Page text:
In the lead up to holiday 2010, there was some speculation about whether the motion-based video game bubble had burst. Nintendo (PINK: NTDOY) and its Wii saw steep declines in 2010, and Sony (NYSE: SNE) and Microsoft (NASDAQ: MSFT) were late with their respective Wii killers.
It was difficult to gauge, then, the pre-release hype surrounding the Microsoft Kinect, a hands-free controller for the Xbox 360 ,and the Sony PlayStation 3 wand controller known simply as the Move. Were consumers going to get moving themselves despite a beleaguered video game market?
Microsoft and Sony stock owners both have reason to breathe a sigh of relief as sales have proven strong. MSFT maintained great momentum with Kinect through the Thanksgiving week. As of yesterday, Microsoft had sold 2.5 million units worldwide. MSFT announced the Kinect’s impressive sales in a press release yesterday, confirming that just 25 days after the hands-free gaming device hit shelves, they are already halfway toward their stated goal of selling 5 million Kinects before the end of calendar 2010. The sales numbers also indicate that Microsoft isn’t suffering from the supply constraints some predicted for the company this fall. Kinect sold 1 million units in its first ten days on the market, and while Microsoft undoubtedly benefitted from a well-publicized launch for Kinect and the Black Friday advertising blitz from video game retailers like Best Buy (NYSE: BBY), Amazon (NASDAQ: AMZN), GameStop (NASDAQ: GME), and Walmart (NYSE: WMT), their momentum should hold until Christmas.
Sony’s Playstation Move, meanwhile, is performing admirably, though not quite as well as Kinect despite larger overall sales numbers. The Japanese electronics giant announced today that its wand controller, recently lauded by Popular Science‘s “Best of What’s New 2010” feature for its accuracy, has sold 4.1 million units since its international launch in mid-September. Sony’s press release claims 41.6 million Playstation 3s sold worldwide since 2006, meaning the Move is now in the hands of one out of every ten console owners. This is an impressive attachment rate for a new peripheral that isn’t essential for most software.
It is difficult to judge, however, the revenue generated by Move sales for Sony. Unlike the Kinect, which is a single item available as a standalone product or bundled with the Xbox 360 console, the Playstation Move is available in multiple retail configurations since it is dependent on multiple pieces of hardware. In addition to a package that bundles the device with the requisite Playstation Eye camera, there are also standalone Move controllers as well as Playstation 3 and Move bundles. The number of Move controllers in the wild will help Sony drive Move software adoption, but it makes it difficult to judge if the device is driving console sales, something Sony desperately needs considering the success of Microsoft’s redesigned Xbox 360 across the back half of 2010.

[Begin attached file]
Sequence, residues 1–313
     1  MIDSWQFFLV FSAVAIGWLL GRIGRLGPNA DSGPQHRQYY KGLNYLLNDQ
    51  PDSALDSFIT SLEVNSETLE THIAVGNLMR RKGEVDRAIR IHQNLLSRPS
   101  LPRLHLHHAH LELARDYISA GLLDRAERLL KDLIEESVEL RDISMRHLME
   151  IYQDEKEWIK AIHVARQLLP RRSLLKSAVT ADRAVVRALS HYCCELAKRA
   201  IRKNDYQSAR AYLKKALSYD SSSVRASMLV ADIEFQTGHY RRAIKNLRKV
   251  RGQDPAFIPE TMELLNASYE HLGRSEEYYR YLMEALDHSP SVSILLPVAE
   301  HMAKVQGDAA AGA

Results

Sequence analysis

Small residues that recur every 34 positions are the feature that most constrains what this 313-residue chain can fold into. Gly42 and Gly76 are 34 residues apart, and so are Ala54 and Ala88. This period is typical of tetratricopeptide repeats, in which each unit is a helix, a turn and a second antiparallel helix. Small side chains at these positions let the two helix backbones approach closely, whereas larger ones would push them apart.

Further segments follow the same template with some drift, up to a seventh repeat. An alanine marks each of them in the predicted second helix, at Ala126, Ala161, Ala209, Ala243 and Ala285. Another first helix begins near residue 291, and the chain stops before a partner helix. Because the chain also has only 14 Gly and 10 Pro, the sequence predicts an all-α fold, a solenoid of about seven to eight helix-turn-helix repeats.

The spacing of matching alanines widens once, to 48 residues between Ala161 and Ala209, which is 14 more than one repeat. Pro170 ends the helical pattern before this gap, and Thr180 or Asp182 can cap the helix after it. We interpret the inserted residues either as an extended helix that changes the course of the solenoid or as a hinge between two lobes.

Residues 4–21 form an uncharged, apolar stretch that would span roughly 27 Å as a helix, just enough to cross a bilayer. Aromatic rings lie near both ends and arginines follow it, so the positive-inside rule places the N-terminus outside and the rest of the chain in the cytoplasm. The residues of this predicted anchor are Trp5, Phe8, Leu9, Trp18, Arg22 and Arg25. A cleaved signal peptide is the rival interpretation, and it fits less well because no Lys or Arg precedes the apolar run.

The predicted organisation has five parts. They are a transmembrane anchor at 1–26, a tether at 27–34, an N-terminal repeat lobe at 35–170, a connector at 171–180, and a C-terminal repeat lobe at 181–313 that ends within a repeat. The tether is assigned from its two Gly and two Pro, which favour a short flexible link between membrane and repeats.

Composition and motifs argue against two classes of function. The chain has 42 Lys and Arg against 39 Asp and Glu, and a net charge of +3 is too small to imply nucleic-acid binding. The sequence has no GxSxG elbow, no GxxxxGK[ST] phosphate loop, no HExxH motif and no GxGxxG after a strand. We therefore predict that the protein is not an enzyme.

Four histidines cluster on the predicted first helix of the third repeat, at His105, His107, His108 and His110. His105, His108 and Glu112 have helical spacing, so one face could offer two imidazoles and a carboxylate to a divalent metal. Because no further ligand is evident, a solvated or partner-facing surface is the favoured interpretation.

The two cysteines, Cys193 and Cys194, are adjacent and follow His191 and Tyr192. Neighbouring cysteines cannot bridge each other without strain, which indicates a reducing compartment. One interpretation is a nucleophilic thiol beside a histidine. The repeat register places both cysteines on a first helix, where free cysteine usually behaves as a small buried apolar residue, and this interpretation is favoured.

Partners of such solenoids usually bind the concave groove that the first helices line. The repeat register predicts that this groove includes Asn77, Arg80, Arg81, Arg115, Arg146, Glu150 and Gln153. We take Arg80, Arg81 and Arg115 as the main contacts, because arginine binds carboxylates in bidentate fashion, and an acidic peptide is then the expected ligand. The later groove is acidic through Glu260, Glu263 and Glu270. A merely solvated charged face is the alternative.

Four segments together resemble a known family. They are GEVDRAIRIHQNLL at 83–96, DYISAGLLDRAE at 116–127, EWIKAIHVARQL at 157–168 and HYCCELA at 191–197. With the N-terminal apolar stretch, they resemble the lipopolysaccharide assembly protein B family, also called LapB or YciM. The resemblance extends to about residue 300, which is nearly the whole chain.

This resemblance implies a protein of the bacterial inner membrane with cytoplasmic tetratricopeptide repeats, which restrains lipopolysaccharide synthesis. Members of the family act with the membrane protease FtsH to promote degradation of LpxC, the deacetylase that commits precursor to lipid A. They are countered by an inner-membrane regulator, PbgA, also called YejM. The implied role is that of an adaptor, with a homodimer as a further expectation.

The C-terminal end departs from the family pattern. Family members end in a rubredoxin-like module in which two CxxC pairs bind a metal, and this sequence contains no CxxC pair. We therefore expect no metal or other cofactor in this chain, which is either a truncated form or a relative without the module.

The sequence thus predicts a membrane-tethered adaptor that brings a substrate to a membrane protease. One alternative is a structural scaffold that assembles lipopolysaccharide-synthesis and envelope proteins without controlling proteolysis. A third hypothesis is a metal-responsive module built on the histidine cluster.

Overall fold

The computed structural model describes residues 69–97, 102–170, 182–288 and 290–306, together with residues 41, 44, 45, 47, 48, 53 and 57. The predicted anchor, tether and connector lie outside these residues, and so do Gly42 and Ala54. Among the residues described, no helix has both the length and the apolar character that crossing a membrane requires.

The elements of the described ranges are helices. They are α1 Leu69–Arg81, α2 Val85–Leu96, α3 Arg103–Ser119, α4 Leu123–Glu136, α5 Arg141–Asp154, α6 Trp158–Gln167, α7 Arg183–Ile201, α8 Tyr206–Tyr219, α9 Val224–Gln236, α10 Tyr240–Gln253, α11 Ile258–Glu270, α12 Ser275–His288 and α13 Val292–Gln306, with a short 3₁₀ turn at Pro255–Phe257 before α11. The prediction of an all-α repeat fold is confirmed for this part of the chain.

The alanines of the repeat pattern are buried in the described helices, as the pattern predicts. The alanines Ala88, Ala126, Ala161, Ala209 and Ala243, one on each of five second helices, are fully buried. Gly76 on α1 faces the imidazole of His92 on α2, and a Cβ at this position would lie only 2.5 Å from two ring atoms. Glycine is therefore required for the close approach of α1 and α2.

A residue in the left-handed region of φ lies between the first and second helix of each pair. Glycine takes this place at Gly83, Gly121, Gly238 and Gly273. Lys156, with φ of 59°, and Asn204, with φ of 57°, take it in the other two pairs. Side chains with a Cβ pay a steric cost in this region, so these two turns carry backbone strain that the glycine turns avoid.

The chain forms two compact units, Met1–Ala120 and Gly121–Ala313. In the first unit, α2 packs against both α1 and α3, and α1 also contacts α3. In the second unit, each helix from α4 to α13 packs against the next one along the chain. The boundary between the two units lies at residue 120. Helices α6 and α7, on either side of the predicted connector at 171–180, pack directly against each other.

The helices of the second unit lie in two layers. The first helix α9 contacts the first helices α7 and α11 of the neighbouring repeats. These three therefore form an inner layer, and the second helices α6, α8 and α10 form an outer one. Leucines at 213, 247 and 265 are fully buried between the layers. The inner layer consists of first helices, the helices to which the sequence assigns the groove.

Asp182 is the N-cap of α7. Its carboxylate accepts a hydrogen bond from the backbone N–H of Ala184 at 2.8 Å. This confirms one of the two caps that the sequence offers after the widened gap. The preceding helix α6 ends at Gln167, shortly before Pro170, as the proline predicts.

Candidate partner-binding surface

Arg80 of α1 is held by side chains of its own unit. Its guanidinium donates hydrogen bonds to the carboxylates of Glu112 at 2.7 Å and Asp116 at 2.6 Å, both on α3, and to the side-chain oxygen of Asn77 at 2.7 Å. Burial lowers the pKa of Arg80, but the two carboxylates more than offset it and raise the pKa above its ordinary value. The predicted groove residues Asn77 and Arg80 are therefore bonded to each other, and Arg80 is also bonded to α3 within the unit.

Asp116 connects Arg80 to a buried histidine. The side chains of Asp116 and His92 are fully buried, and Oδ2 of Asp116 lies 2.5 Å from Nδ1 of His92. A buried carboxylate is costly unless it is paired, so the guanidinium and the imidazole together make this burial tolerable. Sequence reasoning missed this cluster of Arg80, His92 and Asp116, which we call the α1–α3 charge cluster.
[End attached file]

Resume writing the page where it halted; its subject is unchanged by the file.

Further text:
Sony faces another significant hurdle this fall, namely the absence of marquee titles aimed at enthusiast gamers. With the exception of driving simulator Gran Turismo 5, released last week after delays spanning nearly three years, Sony does not have any new first-party software to cater to core fans drawn by action titles in the vein of Activision Blizzard (NASDAQ: ATVI) Call of Duty. Microsoft, meanwhile, is enjoying brisk sales for both the September-released Halo: Reach and October’s Fable III. Though core games like these don’t sell in as great numbers as more family-friendly fare like the games developed for Kinect and Move, they tend to generate more revenue. Cowan & Company published the results of a recent survey last week, concluding that core games still represent the best investment for game publishers, despite the growing popularity mobile, social, and casual home console gaming. “The results of our Fall 2010 Videogame Survey do not change our view that high-quality games for the core gamer remain the best investment for videogame publishers despite changes to the structure of the videogame industry.”
Investors lamenting Microsoft’s refusal to split the video game division away from the flat core company should find a more fuel for their arguments following the holiday season. Sony shareholders, meanwhile, should be patient considering the company’s habit of playing the long game and having it payoff. Share price has grown steadily since July lows and it up 27% today, trading at around $35.40 as of this writing. Now would be a good time to buy in anticipation of a steady holiday fueled by Gran Turismo 5 and low-cost legacy software.
As of this writing, Anthony Agnello did not own a position in any of the stocks named here.